Van Moort, JC, The magnesium and calcium contents of sediments, especially pelites, as a function of age and degree of metamorphism, Chemical Geology, 12, (1) pp. 1-37. ISSN 0009-2541 (1973) [Refereed Article]
© Elsevier Scientific Publishing Company, Amsterdam
The silicate and carbonate fraction of 98 non-metamorphic shale samples from the Australian platform and of different geological age were analysed for calcium, magnesium, ferrous iron and carbonate. Cainozoic and Mesozoic shales prove to be essentially calcitic, Cambrian and Proterozoic shales are essentially dolomitic and sideritic. A similar trend of high MgO values can be demonstrated for the silicate fraction of the old shales. Extensive literature study confirms these trends for shales and carbonate rocks from all over the world. Slates, hornfelses and schists are Mg rich and Ca poor, whether young or old.
Ronov's model of the evolution of the earth's crust ocean and atmosphere, explaining these trends, is critically reviewed but rejected because of impossible storage problems of calcium in the Proterozoic. The increased magnesium content of the old sediments is explained by calcium carbonate sweating out of the sedimentary column, magnesium introduction from altering volcanic rocks within the sedimentary pile and magnesium introduction from connate brines in sandstones. The increasing calcium content of all kinds of sediments with decreasing age is claimed to be related to preferential weathering of extrusive volcanic rocks and sweating out of calcium carbonate from the sedimentary column.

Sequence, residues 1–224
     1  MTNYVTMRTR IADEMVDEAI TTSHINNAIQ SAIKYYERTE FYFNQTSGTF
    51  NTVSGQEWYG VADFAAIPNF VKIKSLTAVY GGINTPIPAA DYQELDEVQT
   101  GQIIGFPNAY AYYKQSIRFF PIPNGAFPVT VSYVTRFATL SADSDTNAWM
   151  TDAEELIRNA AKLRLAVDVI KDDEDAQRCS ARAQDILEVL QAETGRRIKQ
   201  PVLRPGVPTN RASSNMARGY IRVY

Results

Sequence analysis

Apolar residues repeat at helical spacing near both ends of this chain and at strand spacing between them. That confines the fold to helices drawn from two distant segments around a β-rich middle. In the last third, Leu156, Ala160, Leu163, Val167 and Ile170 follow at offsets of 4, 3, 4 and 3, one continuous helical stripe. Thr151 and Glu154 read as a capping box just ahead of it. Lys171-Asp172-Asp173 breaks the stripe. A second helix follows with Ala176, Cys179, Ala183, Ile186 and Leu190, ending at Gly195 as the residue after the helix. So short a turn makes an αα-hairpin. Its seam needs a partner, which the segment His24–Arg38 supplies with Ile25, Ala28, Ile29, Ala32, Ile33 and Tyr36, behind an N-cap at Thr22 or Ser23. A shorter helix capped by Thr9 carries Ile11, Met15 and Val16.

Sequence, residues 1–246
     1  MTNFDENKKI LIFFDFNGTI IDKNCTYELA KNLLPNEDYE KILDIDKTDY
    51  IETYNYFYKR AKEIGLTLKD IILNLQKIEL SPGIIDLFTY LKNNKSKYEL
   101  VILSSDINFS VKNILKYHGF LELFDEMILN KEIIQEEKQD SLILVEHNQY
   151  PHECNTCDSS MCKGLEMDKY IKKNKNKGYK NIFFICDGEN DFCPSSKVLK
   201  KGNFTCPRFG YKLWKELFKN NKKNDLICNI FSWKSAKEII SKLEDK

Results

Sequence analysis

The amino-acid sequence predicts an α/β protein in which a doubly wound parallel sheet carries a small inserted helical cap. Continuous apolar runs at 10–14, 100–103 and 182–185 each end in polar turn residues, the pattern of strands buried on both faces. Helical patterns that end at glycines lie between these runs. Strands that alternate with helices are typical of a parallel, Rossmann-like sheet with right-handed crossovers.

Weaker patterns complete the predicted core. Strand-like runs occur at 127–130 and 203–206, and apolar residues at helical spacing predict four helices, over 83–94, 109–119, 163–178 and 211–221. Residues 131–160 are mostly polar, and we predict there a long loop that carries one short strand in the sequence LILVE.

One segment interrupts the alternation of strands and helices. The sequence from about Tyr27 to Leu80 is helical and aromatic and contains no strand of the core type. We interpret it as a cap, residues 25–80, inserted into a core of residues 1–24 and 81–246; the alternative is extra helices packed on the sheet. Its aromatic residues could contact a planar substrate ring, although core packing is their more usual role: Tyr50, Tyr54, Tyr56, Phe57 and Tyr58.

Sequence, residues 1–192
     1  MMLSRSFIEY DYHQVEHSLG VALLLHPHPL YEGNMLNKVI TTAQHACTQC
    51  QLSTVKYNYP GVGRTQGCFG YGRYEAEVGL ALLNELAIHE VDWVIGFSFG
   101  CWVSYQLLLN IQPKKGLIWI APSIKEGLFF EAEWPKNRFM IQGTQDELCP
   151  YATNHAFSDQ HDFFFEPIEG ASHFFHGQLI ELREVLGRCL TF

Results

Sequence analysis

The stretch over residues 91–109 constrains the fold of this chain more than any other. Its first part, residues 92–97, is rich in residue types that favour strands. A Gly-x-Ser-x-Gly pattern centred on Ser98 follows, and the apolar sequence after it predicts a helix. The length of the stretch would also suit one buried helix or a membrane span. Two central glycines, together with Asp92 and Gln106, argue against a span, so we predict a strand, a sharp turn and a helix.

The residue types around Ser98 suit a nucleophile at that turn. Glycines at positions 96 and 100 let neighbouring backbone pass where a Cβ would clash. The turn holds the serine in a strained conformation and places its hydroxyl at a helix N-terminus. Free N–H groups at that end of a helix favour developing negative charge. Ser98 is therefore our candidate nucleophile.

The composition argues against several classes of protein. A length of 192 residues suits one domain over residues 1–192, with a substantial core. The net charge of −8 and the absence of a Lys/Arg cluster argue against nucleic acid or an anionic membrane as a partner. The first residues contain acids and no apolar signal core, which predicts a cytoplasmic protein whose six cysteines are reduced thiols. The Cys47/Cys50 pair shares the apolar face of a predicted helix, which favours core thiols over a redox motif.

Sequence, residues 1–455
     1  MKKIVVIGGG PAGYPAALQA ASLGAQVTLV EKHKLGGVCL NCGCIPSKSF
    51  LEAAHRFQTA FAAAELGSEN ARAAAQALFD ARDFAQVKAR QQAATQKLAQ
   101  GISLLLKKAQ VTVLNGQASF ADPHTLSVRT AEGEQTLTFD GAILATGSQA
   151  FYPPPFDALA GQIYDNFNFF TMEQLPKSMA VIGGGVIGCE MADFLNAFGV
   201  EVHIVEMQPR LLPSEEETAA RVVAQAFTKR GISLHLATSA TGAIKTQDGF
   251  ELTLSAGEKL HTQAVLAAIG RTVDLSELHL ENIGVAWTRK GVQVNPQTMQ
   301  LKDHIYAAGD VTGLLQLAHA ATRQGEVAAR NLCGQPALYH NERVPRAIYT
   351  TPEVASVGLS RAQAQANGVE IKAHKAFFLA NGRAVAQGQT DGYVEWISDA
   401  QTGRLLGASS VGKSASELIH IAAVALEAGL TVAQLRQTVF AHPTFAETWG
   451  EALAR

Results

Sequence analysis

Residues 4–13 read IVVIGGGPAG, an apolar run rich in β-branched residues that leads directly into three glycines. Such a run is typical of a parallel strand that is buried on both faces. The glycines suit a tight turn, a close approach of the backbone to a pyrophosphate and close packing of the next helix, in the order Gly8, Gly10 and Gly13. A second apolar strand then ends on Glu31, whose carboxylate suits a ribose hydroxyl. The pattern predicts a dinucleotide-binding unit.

|Item Type:||Refereed Article|
|Research Division:||Earth Sciences|
|Research Field:||Exploration Geochemistry|
|Objective Division:||Expanding Knowledge|
|Objective Group:||Expanding Knowledge|
|Objective Field:||Expanding Knowledge in the Earth Sciences|
|UTAS Author:||Van Moort, JC (Dr Jan Van Moort)|
|Web of Science® Times Cited:||10|
|Deposited By:||Earth Sciences|
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